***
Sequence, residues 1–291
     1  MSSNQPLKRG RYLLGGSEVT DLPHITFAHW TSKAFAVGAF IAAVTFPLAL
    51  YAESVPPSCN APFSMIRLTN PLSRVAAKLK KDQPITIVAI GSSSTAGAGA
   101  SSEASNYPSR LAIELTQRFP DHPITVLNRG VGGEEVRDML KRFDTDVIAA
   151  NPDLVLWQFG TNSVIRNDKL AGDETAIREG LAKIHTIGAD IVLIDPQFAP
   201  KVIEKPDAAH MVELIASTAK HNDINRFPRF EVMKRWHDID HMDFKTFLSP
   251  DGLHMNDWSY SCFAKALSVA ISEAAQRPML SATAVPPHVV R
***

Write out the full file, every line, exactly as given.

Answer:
Sequence, residues 1–291
     1  MSSNQPLKRG RYLLGGSEVT DLPHITFAHW TSKAFAVGAF IAAVTFPLAL
    51  YAESVPPSCN APFSMIRLTN PLSRVAAKLK KDQPITIVAI GSSSTAGAGA
   101  SSEASNYPSR LAIELTQRFP DHPITVLNRG VGGEEVRDML KRFDTDVIAA
   151  NPDLVLWQFG TNSVIRNDKL AGDETAIREG LAKIHTIGAD IVLIDPQFAP
   201  KVIEKPDAAH MVELIASTAK HNDINRFPRF EVMKRWHDID HMDFKTFLSP
   251  DGLHMNDWSY SCFAKALSVA ISEAAQRPML SATAVPPHVV R